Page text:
First, he had every Sunday from the end of August through January. The 1:00 game, 4:00 game, and 7:00 game. Then he got every Monday night as well. Now, Saturday games and Thursday night games are mixed in here and there. And please don’t forget training camp at the end of the summer and the Combines in the spring. Then, there are two days in April for the NFL draft. And another day in September for the Fantasy Football draft – which itself requires countless hours of researching player statistics to prepare for that ridiculous, phony league where he and his little group of buddies play pretend and dream about being a real football coach when they grow up.
There are the endless phone calls shared between him and his brother bargaining, begging, wheeling and dealing players and complaining about this team or that one – it’s like one continuous conversation where they only take breaks to pee and eat. If the phone rings between September and January, I just hand it to my husband without even looking to see who it is.
Here, honey, I’m sure it’s your brother.
Did I mention that he also has Jets’ season tickets? That involves tailgating. And the preparation for the tailgating – the pre-game ritual that is launched an entire day before the game. It begins with food shopping, but he only gets what he needs for the upcoming man festivities. Never mind picking up milk or bread so I don’t have to run out tomorrow in the freezing cold with the baby while he’s gone.
Next, there is the cooking that goes into the wee hours of the morning. Not only do I hear pots clanging at 3:00 a.m., but I hear each and every pot in the house. You see, this cooking also requires him to use every single cooking utensil that we own, and then, it is mandated by Tailgate Law to leave them all in the sink for me to clean up in the morning. And if I leave them for him to clean up when he gets home, silly me, they sit there until he needs the damn pots to make his chicken quesadillas for the game the following weekend. (Honestly, I only did that once, and it wasn’t pretty.)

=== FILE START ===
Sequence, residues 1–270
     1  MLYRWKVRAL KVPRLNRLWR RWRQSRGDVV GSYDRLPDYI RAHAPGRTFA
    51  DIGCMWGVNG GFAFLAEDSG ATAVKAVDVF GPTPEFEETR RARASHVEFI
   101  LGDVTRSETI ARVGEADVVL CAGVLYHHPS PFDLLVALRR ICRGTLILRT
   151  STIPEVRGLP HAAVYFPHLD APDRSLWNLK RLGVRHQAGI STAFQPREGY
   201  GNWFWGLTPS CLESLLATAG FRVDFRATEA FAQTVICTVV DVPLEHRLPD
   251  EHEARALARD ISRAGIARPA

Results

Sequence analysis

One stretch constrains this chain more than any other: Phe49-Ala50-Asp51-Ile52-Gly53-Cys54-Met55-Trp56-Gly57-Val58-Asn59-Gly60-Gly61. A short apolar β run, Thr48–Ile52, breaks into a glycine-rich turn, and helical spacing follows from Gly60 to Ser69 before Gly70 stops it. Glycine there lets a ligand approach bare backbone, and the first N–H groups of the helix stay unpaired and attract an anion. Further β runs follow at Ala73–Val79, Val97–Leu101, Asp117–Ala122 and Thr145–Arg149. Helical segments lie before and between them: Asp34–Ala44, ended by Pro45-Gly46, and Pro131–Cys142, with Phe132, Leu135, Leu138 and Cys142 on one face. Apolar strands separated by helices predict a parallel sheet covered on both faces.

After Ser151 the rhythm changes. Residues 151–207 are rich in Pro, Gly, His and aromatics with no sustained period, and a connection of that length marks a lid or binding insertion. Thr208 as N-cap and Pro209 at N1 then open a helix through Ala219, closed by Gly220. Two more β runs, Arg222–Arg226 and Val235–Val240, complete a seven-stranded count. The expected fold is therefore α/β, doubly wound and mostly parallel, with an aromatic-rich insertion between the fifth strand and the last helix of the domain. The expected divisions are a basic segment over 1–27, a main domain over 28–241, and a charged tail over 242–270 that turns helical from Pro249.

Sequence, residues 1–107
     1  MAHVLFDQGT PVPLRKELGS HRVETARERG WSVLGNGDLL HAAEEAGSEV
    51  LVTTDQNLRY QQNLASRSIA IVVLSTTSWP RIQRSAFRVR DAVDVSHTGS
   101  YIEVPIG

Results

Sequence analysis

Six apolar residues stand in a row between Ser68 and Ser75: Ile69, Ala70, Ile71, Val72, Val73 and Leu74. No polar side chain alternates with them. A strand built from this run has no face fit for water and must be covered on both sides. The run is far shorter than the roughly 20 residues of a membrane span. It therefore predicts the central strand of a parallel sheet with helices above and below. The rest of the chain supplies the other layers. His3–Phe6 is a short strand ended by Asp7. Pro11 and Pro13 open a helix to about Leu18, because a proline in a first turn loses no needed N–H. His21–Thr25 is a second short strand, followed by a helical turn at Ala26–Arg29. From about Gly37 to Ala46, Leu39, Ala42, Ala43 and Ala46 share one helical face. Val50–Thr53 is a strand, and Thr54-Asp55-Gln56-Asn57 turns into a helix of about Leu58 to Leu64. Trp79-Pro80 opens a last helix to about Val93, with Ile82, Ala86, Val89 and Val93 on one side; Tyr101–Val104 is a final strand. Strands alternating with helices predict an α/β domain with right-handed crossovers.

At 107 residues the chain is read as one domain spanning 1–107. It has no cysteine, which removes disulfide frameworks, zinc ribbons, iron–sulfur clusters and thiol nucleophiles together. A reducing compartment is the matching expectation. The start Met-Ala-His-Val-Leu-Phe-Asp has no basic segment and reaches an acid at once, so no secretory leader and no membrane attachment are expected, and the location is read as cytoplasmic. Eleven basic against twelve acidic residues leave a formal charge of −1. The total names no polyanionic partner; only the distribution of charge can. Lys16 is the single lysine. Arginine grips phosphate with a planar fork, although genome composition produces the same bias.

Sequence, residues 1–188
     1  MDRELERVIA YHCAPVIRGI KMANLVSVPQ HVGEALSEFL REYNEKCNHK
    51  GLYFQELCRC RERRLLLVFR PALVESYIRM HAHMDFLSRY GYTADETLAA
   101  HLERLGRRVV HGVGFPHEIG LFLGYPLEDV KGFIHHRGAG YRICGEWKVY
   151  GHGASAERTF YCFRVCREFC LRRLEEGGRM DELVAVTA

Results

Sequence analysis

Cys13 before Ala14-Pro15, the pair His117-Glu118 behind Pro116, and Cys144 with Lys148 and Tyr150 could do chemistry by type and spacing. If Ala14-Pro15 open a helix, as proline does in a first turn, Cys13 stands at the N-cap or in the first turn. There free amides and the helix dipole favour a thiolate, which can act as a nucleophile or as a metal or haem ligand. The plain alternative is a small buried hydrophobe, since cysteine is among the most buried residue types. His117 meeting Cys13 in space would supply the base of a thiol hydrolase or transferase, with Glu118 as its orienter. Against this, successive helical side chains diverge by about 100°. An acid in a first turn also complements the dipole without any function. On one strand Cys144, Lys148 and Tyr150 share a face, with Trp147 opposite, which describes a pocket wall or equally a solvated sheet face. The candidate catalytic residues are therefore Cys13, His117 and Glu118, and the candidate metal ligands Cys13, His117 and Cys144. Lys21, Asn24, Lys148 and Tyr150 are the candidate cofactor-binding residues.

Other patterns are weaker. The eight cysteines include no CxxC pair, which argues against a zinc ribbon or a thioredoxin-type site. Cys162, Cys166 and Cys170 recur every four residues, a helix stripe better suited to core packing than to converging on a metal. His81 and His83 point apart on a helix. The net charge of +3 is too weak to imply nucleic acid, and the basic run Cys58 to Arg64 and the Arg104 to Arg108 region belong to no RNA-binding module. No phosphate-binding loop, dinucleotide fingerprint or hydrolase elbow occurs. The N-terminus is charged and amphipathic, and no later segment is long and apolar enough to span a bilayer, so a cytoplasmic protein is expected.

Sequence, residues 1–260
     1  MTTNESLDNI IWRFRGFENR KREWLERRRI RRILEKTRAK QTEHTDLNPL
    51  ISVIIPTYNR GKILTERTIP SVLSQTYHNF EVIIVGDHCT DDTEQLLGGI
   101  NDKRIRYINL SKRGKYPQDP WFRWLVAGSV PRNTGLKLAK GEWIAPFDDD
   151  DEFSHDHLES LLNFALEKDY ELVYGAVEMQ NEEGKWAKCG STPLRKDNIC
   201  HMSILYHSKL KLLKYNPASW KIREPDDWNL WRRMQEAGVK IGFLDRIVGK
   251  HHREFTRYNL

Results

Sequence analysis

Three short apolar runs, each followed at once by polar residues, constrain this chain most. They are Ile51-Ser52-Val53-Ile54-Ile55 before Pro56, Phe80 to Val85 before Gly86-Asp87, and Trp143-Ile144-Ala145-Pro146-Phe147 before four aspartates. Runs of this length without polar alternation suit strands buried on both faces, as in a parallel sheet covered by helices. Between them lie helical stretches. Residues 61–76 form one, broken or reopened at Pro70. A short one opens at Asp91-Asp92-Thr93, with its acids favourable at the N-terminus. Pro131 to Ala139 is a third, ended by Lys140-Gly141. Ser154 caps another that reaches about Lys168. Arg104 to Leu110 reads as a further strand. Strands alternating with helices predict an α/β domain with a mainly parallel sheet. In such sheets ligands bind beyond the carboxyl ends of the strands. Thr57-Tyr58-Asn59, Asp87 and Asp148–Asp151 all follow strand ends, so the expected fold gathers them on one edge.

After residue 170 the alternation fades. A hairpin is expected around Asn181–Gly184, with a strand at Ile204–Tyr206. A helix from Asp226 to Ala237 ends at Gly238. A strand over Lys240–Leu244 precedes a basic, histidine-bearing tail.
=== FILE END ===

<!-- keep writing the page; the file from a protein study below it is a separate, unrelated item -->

So the game itself, which is technically only 3 hours long, now turns into a friggin’ all day affair. They have to get to the stadium at the crack of dawn to beat the rush and find parking (even if it’s a 4:00 game – because they have to park in the same friggin’ spot every time – because if they don’t tailgate in the exact same location each week, the entire universe will spin wildly out of control… and the Jets will lose. But, if you ask me, what else is new? Let’s, be realistic and not blame it on the mishap in the tailgating traditions). After arriving shortly after sun-up, they make breakfast. Then they have to eat again before the game. And, they have to hang out after the game and make a snack while waiting for all those suckers sitting in traffic who are hurrying home because their wives know when the game ends – his words, not mine.
This whole ceremony where he and those other masochistic fools pay homage to the gods of the pig skin befuddles me. They stand there in all sorts of weather, be it rain, howling winds or even snow, cooking on their little propane grills with frostbitten fingers, never admitting how cold they really are. And they will do this religiously, for every home game, whether the Jets are winning or losing. There is actually something sickly ritualistic about their wacky traditions – the faithful fans gathering every other weekend, offering their sacrifices of ribs and wings, praying that the temperamental football gods will put another notch in the win column for the J-E-T-S, Jets, Jets, Jets.
And, while my husband is out in the bone-chilling cold, I am home performing my own rituals, like changing diapers, playing hide-n-seek, and relishing nap-time. But honestly, even after all of this complaining and nagging (yes, I understand that that is exactly what this story is, one big bitch-fest), I have to say that since I’ve become a whisky widow, being a football widow, in comparison, actually isn’t all that bad.
You see, at least come February, I know that I have a few months’ reprieve until football season gets into full swing again.
Whisky, on the other hand, doesn’t have a season.